How Long Does It Take To Get a Business Loan?

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Once you’ve decided that you need working capital for your business, you usually don’t want to wait long to get it.

Unfortunately, loan providers sometimes work on a different timeline than you. So it can be helpful to understand how long it takes to actually get a business loan―from the time you submit your loan application to the time you get your loan money.

This guide will explain how long you should expect to wait for financing from different kinds of lenders and for different types of loans. We’ll also give you some advice on how to speed up the financing process―and point you toward some of the fastest lenders around.

Our top-rated lender: Lendio

Lendio partners with over 75 lenders, which improves your odds and efficiency to get the funding you need.


Money Approach

$50k in revenue

Calendar Approach

6 mos. in business

Analysis Approach

560 credit score

Business loan timeline 101

So, how long will it take you to get a business loan? Anywhere between 15 minutes and several months.

Okay, we know that’s not a super helpful answer. But really, it depends a lot on what type of financing you’re getting and what lender you’re getting it from.

For example, let’s say you’re getting a business line of credit from Kabbage. In that case, you can get approved and funded in less time than it takes to get a pizza delivered. But suppose you’re applying for a commercial real estate loan from a traditional bank. In that case, the process can easily drag out to two months or more.

In other words, we can’t say exactly how long it will take you to get your business loan. But we can offer you some general guidance.

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The loan application and approval process

Before we get into that guidance, let’s make sure you’re up to speed on what actually goes into your loan approval and funding and why it takes as long as it does.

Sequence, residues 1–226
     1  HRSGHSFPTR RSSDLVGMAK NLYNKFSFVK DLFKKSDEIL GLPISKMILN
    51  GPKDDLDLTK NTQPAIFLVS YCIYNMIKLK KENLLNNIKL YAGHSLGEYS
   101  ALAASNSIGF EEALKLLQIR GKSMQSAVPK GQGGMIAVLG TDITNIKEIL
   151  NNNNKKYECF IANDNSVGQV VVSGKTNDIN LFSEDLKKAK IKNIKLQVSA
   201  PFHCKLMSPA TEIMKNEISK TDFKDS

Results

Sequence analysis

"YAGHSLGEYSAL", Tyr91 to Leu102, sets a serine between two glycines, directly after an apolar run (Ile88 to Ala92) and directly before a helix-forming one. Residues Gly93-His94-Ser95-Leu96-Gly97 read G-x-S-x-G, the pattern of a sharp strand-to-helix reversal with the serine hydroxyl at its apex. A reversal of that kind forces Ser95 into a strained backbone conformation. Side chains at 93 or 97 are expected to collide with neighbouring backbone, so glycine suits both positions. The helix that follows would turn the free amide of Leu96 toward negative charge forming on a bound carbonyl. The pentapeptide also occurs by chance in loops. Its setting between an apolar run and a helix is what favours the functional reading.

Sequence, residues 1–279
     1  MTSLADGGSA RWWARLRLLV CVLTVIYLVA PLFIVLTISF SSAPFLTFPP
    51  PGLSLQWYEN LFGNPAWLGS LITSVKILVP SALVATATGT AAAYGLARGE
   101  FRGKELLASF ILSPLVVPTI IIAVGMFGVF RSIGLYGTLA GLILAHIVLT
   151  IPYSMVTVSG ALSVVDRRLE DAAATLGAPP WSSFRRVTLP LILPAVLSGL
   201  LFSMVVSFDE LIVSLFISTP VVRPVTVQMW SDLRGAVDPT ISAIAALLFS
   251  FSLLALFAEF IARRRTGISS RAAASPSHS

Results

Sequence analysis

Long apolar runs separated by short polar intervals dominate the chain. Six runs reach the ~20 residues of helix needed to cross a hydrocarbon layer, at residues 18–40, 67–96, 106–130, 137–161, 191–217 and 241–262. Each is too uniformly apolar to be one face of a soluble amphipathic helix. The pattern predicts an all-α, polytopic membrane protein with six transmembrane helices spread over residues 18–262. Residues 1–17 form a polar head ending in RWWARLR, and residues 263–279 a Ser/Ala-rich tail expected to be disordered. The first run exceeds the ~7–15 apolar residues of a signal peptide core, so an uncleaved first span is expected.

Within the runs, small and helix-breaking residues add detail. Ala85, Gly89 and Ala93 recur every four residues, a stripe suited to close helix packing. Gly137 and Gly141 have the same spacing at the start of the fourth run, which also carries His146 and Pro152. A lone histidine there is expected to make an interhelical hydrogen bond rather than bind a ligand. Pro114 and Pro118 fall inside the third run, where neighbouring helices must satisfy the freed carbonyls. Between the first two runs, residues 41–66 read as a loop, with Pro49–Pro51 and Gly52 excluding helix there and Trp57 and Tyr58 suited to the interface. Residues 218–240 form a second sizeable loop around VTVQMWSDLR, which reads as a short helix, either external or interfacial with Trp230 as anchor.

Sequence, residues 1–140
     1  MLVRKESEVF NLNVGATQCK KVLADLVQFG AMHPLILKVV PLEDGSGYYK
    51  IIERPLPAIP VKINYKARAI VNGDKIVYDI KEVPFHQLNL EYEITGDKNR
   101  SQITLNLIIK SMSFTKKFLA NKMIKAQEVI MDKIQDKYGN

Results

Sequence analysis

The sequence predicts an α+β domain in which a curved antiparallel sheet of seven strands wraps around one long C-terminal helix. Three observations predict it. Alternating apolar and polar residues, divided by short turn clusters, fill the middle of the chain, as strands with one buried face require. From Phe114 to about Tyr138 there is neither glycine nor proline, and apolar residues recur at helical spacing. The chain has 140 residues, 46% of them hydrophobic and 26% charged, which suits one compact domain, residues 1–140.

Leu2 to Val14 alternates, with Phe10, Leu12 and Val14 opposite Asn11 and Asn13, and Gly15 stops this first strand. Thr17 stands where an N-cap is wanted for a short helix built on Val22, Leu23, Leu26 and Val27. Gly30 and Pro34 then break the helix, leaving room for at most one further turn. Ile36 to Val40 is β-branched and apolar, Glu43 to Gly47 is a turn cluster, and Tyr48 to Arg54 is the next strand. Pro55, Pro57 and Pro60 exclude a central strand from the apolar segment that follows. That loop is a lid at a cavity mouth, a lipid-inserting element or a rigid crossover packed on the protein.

(If you already know how all this loan stuff works, feel free to skip to the next section.)

You can think of the financing process as having three parts:

  1. Applying
  2. Underwriting
  3. Funding

The first part, applying, lies mostly in your hands. In this step, you usually have to fill out an application and submit some documentation (like tax returns, bank statements, and business plans).

Sometimes your lender will ask for more information or additional documents, which can slow things down. Some lenders also have a multiphase application. You initially apply online and then have to talk to someone on the phone. If you’re waiting for a phone call, things will take longer.

Once your application is in, it will have to go through underwriting. That means that your lender is looking at everything to make sure you qualify for financing (and what loan amount and interest rate you qualify for). Some lenders offer automated underwriting that takes a few minutes, while others use manual underwriters that can easily take days.

If everything gets approved, it’s on to funding, in which your lender gives you the money. If they deposit funds into your bank account, this can take as little as a few hours. But if they send you a check, you may have to wait a few days for your mail to arrive.